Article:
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South Carolina Supreme Court Finds No Claim For Wrongful Life Exists In State


HLD, v. 33, n. 2 (February 2005)

South Carolina Supreme Court Finds No Claim For Wrongful Life Exists In State

          Jennie Willis brought a wrongful life claim on behalf of her son who was born with severe disabilities. Willis claimed her physician failed to adequately diagnose her son's condition using prenatal testing that would have allowed her to terminate her pregnancy while legally allowed to do so. The trial court granted the physician's motion for summary judgment, holding that South Carolina does not recognize a claim for wrongful life.

          The South Carolina Supreme Court affirmed. The high court noted that while, "a viable fetus harmed in utero by the act or omission of another . . . may seek damages from the negligent tortfeasor" wrongful life actions differ because the healthcare provider did not cause the impairment here. The high court also noted that twenty-seven states have either refused to recognize or have a limited wrongful life action. According to the high court, other courts have reasoned that (1) being born is not a legally cognizable injury, and (2) the physician did not actually cause the impairment.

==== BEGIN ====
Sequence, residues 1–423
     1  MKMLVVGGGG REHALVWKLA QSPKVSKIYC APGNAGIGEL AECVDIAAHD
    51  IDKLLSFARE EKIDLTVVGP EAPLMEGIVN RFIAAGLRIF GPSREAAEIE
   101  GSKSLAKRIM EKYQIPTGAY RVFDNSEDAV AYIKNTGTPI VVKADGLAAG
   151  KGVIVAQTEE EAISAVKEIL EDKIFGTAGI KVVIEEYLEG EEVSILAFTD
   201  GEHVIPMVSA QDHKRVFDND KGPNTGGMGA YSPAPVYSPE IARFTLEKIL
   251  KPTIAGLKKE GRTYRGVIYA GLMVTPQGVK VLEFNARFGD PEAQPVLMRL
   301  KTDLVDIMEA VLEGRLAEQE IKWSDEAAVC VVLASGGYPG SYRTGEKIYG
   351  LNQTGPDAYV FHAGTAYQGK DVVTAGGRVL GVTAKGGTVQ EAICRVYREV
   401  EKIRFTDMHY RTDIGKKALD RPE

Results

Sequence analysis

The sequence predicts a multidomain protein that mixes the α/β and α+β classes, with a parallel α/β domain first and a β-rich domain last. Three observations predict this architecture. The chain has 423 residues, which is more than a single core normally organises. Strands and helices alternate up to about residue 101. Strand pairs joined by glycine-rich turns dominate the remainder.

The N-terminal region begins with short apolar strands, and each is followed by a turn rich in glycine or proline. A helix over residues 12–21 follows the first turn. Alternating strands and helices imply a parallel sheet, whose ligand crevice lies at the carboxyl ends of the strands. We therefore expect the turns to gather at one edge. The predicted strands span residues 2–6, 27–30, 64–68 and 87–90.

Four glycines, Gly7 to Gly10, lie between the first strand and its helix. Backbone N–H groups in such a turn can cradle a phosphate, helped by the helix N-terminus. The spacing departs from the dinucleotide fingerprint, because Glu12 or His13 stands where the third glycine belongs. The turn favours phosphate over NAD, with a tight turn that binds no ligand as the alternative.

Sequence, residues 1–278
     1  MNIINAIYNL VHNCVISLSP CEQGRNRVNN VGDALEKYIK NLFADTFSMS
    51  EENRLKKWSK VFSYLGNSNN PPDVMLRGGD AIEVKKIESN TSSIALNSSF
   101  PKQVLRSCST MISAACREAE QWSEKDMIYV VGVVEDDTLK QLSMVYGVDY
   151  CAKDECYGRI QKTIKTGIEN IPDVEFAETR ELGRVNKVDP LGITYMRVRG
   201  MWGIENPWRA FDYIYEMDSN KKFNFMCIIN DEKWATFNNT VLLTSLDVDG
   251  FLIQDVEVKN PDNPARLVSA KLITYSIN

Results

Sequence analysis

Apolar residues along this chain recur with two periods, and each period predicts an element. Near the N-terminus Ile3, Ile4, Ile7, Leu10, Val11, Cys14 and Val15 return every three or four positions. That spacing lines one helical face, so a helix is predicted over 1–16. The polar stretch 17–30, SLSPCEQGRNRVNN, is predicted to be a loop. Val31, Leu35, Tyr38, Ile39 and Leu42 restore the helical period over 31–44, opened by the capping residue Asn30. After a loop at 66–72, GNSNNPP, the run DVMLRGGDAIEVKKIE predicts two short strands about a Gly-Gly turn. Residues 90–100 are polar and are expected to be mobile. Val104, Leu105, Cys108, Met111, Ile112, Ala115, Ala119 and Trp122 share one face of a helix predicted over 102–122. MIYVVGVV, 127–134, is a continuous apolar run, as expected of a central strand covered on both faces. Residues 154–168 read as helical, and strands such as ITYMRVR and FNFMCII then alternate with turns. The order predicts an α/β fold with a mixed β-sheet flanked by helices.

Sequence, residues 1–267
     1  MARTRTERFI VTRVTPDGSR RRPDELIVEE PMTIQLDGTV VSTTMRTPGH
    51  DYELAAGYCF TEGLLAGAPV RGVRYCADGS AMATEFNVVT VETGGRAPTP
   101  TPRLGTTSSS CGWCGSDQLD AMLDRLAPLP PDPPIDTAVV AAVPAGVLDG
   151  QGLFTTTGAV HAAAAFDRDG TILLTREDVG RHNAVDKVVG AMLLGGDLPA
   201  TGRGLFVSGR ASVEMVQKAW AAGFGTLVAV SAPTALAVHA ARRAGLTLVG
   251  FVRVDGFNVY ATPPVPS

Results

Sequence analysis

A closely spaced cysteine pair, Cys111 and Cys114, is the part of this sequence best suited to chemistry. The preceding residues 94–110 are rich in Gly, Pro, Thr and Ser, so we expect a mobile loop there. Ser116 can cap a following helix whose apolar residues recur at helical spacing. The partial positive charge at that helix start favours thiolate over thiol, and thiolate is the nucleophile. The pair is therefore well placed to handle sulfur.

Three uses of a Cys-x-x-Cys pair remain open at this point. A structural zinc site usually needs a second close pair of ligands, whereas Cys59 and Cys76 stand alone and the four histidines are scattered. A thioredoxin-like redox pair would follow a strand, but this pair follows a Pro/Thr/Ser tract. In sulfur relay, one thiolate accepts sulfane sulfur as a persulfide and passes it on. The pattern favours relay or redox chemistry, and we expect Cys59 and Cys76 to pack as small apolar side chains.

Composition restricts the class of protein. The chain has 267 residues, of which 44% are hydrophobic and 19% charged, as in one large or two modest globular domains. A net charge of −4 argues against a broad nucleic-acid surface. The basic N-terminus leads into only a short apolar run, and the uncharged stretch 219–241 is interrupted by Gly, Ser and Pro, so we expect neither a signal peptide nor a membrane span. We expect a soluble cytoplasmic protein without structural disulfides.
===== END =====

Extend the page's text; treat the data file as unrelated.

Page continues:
Courts that have adopted a wrongful life action generally find that the negligent party has deprived the child of the "fundamental right of a child to be born as a whole, functional human being . . . ."

          The high court decided to embrace the reasoning of the majority of courts that do not recognize a claim for wrongful life and therefore affirmed the lower court's grant of summary judgment to the physician.

          Willis v. Wu, No. 25915, 2004 WL 2933554 (S.C. Dec. 20 2004). To read the case, go to

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